Sen. John Kerry accused President Bush on Tuesday of hiding bad decisions and raised the specter of bad news still to be revealed. Mr. Bush invited Democrats to cross over to his campaign, arguing that their party was no longer led by men of strength and resolve.
Both candidates campaigned in the key battleground of Wisconsin as the presidential campaign entered its final week with polls showing the race too close to call.
Kerry, in Green Bay, said a stream of bad news coming out of Iraq showed the Bush administration glossing over the reality of the situation there.
"Mr. President, what else are you being silent about? What else are you keeping from the American people?" Kerry said.
While Kerry campaigned on the east side of Wisconsin, a state Mr. Bush barely lost to Al Gore in 2000, the president sought votes from Democrats as well as Republicans on the state's west side.
In Onalaska, Mr. Bush said Kerry had chosen a path of "weakness and inaction," putting himself "in opposition not just to me, but to the great tradition of the Democratic Party."
"The party of Franklin Roosevelt and Harry Truman and John Kennedy is rightly remembered for confidence and resolve in times of war and in hours of crisis. Senator Kerry has turned his back on 'pay any price' and 'bear any burden,"' Mr. Bush said.
The president also renewed his contention that Kerry would raise taxes in a way that would cripple small businesses "to pay for all the new spending he's proposed."
The Massachusetts senator pressed his case that Mr. Bush has bungled and misled on the Iraq war and national security crises generally.
"When the president is faced with the consequences of his own wrong decisions, he doesn't confront them, he tries to hide them," Kerry said. "The truth is, President Bush has never leveled with the American people about why we went to war, how the war is going, or what he is doing in order to put Iraq on track."
And Kerry broadened the attack to declare, "Just as he has been warned about his mistakes in Iraq, George Bush has been warned time and time again about the vulnerability of our homeland security."
Kerry said he would spend an additional $60 billion over 10 years on homeland security, using the money to screen cargo for nuclear materials at ports and borders, add border patrol agents and more.
Tuesday was a four-state day for Kerry, traveling more than 3,000 miles from Green Bay to Las Vegas, to Albuquerque, N.M., and then Sioux City, Iowa.
Mr. Bush, who lost Wisconsin and its 10 electoral votes by only 5,708 ballots in 2000, was focusing his efforts in Democratic-leaning reaches of the state.
Warming up for that task in his last stop Monday, in Davenport, Iowa, he ditched his single-focus, national security speech of earlier events in favor of a broader pitch praising the traditions of the Democratic Party, a theme he returned to on Tuesday.
Also, in a television interview aired Tuesday, Mr. Bush said he didn't oppose civil unions for same-sex couples even though the Republican Party platform opposes them. However, he supports banning gay marriage through a constitutional amendment.
"I don't think we should deny people rights to a civil union, a legal arrangement, if that's what a state chooses to do so," Mr. Bush said on ABC. "I view the definition of marriage different from legal arrangements that enable people to have rights."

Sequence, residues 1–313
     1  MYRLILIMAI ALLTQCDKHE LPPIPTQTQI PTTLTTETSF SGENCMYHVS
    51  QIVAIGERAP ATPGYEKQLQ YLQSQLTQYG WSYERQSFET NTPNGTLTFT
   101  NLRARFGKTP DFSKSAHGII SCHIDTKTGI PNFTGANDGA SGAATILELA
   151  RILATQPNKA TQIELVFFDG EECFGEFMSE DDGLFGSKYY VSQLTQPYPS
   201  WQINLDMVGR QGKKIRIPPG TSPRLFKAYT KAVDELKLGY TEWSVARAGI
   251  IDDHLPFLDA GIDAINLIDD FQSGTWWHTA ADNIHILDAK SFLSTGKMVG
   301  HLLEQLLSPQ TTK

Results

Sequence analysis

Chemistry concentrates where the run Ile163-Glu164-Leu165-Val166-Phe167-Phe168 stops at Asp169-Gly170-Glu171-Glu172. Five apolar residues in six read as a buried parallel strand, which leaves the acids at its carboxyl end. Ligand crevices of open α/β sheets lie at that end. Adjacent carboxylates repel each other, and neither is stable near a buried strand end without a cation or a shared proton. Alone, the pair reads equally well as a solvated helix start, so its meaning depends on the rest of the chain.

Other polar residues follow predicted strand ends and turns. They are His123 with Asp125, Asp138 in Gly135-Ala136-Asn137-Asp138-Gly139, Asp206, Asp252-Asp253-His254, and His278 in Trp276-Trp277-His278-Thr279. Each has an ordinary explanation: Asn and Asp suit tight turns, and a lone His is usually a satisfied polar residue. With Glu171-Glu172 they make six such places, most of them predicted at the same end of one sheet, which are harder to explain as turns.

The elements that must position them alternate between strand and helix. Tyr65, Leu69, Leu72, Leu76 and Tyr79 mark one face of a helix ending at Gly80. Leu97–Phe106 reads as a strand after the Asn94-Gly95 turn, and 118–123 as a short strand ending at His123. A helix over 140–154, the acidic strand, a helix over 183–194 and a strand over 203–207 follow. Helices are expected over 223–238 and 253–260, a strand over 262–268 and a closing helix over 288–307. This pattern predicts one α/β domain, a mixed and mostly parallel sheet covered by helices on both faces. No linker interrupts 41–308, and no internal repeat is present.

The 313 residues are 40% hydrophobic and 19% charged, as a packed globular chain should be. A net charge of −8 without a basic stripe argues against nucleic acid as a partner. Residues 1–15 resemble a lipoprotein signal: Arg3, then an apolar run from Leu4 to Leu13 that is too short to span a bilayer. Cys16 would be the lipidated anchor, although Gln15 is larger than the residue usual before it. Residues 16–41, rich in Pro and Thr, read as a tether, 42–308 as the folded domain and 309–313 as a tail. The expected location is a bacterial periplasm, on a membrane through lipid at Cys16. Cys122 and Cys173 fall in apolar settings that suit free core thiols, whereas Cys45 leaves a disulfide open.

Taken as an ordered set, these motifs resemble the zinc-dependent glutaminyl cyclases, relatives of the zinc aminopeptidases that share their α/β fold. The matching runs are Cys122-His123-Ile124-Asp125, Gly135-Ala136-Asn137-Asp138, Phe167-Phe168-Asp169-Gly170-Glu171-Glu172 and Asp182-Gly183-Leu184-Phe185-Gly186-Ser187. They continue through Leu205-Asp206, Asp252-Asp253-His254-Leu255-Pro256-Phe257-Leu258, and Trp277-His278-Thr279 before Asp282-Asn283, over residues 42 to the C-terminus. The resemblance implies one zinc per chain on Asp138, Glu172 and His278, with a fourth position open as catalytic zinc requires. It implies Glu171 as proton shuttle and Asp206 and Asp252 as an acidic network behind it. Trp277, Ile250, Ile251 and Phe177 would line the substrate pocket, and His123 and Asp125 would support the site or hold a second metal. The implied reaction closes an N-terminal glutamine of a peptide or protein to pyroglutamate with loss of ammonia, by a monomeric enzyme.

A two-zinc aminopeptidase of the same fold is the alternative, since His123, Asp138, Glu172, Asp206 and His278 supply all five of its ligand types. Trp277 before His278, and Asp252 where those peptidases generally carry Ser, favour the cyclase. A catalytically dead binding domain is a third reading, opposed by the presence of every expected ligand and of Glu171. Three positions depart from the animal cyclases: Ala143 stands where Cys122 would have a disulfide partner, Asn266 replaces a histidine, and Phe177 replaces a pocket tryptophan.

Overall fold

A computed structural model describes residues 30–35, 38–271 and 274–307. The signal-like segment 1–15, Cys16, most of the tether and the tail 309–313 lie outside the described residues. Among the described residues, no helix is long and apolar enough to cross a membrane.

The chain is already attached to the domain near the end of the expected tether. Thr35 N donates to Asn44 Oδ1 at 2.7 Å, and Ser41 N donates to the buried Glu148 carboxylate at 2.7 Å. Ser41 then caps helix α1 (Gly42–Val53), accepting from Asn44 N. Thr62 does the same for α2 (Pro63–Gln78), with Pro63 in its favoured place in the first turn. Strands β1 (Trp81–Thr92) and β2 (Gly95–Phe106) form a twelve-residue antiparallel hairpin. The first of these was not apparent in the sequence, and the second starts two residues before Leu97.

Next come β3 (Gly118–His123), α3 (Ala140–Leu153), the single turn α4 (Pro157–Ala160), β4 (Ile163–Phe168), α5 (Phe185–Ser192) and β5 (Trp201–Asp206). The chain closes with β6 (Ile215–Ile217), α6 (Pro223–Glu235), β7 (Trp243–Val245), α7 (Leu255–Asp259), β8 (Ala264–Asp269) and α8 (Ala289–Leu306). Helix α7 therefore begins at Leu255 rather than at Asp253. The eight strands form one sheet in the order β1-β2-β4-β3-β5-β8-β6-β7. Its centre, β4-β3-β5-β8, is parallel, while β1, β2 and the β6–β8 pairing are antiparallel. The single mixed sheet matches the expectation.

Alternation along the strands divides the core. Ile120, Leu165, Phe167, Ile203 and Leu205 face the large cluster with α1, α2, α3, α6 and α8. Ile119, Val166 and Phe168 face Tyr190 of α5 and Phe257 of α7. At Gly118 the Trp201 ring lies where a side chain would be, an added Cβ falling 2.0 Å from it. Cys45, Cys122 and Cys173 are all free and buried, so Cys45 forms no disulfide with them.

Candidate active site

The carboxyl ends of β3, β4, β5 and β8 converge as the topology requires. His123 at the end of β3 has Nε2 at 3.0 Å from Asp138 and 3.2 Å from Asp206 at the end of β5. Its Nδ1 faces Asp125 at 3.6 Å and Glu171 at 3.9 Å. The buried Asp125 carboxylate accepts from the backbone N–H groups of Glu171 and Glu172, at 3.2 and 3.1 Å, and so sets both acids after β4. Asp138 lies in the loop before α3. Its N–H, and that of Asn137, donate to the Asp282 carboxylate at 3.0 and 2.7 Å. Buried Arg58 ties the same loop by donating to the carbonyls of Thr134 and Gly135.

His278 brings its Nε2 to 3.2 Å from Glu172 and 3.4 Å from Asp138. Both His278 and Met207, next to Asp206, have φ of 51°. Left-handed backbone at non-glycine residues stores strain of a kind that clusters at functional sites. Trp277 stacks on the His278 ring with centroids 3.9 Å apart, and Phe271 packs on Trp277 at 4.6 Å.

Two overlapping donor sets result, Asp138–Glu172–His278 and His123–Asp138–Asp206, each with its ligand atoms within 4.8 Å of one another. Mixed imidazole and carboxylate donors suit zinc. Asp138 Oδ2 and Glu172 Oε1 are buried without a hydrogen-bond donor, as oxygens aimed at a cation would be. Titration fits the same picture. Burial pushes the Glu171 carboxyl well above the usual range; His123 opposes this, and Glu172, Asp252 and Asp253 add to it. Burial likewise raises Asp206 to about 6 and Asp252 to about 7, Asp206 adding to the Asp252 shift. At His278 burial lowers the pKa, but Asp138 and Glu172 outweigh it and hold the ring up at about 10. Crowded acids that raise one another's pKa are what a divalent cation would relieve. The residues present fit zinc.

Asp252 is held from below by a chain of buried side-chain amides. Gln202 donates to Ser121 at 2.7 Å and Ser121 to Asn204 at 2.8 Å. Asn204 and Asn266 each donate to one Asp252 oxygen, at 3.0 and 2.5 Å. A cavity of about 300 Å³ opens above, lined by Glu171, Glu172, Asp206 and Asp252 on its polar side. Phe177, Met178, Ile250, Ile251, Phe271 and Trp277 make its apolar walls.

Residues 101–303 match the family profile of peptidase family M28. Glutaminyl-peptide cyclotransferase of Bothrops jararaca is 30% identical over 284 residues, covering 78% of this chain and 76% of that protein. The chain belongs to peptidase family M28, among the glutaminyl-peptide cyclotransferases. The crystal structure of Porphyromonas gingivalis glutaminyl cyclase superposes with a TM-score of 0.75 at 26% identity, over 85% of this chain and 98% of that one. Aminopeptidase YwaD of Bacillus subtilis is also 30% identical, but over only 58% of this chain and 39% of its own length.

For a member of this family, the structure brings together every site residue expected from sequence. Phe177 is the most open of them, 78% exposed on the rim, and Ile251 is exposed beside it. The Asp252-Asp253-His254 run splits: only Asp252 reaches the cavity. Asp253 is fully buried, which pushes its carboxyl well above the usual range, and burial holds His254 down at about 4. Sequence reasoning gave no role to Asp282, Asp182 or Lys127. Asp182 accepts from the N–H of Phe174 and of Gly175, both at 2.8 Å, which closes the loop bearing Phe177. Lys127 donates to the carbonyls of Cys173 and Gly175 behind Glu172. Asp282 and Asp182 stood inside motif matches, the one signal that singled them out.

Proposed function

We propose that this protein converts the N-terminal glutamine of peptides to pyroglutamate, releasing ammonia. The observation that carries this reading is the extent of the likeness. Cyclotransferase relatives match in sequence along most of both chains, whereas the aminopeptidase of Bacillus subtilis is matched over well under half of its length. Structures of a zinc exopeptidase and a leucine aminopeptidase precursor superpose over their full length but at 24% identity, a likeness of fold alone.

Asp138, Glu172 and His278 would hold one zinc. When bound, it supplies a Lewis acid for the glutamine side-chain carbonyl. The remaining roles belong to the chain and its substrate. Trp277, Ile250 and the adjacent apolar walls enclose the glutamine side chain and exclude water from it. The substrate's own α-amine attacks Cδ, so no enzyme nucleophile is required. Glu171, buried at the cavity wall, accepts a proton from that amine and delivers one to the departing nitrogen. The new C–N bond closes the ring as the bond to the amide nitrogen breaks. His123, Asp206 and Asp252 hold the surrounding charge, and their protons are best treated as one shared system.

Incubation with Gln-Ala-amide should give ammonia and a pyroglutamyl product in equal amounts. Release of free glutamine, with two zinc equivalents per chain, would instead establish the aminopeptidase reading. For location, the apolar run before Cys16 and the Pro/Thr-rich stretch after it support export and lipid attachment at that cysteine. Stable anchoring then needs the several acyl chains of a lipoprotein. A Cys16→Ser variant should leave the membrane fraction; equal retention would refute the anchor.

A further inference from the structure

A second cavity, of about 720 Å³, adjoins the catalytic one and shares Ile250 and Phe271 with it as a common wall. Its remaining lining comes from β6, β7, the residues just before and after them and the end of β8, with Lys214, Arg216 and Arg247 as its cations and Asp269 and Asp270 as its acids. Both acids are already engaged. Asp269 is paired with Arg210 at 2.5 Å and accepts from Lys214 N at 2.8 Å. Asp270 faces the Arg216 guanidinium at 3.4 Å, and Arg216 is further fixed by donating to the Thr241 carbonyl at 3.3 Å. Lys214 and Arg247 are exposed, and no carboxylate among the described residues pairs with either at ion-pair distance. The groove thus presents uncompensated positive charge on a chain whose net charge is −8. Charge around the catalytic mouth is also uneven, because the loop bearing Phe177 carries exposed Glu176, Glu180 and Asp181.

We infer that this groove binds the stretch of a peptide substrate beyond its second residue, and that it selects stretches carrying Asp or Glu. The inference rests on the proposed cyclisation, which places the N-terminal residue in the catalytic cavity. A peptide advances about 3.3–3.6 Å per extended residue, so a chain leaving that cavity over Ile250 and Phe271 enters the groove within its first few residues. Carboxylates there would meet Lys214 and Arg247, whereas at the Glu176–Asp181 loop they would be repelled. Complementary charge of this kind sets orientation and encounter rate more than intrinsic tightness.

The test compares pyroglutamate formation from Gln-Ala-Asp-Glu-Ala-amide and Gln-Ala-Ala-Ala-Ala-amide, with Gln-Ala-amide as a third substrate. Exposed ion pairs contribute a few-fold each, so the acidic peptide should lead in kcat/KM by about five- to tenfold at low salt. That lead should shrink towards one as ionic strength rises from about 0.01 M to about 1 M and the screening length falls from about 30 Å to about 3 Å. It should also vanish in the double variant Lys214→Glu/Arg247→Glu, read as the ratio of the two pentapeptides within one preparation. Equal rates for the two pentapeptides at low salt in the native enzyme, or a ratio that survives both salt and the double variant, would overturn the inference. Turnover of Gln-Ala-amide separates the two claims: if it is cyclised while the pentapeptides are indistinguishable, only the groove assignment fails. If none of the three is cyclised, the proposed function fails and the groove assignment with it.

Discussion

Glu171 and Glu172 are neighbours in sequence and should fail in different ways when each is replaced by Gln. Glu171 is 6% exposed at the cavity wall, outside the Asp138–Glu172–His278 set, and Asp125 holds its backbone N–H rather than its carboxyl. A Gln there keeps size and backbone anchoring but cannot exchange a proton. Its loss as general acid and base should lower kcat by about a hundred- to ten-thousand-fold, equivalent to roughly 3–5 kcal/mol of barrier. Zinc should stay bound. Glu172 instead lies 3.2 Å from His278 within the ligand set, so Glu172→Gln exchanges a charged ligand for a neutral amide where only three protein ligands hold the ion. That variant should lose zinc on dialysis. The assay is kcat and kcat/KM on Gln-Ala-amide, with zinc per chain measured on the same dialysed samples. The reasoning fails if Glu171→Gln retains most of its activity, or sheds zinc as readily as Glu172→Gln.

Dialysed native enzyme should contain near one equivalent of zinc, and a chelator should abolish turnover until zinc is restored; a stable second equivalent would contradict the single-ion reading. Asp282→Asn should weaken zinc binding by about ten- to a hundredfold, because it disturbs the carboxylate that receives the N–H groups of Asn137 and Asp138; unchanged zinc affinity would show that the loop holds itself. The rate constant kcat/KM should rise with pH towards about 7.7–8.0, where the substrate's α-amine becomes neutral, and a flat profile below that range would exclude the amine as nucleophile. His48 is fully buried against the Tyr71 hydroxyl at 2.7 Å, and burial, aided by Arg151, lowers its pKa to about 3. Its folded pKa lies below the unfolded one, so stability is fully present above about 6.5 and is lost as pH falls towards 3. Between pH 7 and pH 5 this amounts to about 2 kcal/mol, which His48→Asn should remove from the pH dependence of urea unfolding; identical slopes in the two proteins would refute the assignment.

National polls showed the race a statistical tie seven days before the election. A Reuters/Zogby poll gave Mr. Bush a 49-46 percent edge over Kerry, while a Washington Post/ABC survey had Kerry with a 1-point lead, 49-48 percent. A Los Angeles Times poll scored the race a dead heat at 48-48.
In a dispute between the running mates, Democrat John Edwards criticized Vice President Dick Cheney for claiming on Monday that Iraq was "a remarkable success." In Minneapolis on Tuesday, Edwards said, "Eleven hundred American soldiers have lost their lives, more than 8,000 have been wounded. Terrorists are flowing in. Americans are being kidnapped. We see beheadings on television. The costs are now $225 billion and counting. And, knowing all of this, yesterday all Dick Cheney could say was that Iraq is a remarkable success."
Republicans spoke dismissively of Kerry's appearance withat a huge rally in Philadelphia on Monday, suggesting it showed Kerry lacked luster with his Democratic base.
"They had to roll Clinton out of the operating room and onto the campaign trail in order to basically help Kerry with the weaknesses he has among core Democratic constituencies," Rove said, taking liberties with his depiction of the former president as a near invalid.
The candidates are competing head-on for a distinct set of battleground states — Pennsylvania, Ohio and Florida among them — but other states are getting a second look, too, because of signs of fluidity.
Polls found a tightening race in Arkansas, which Mr. Bush won in 2000 and the Democrats had not seen as a serious prospect this time. New Hampshire, narrowly won by Mr. Bush in 2000, seemed to be moving Kerry's way in the final stretch.
Hawaii, on the other hand, which had been considered a solid state for Kerry, is now all even, according to polls in the Honolulu Star-Bulletin and elsewhere.
Meanwhile, six in 10 voters surveyed in an Associated Press poll say it's likely there will not be a clear winner in the presidential race by Nov. 3 – the day after the election. About half say they fear the results will be challenged in court.
Concerns about the possibility of an unresolved election extend across party lines, though more Democrats (69 percent) express worries than Republicans (56 percent).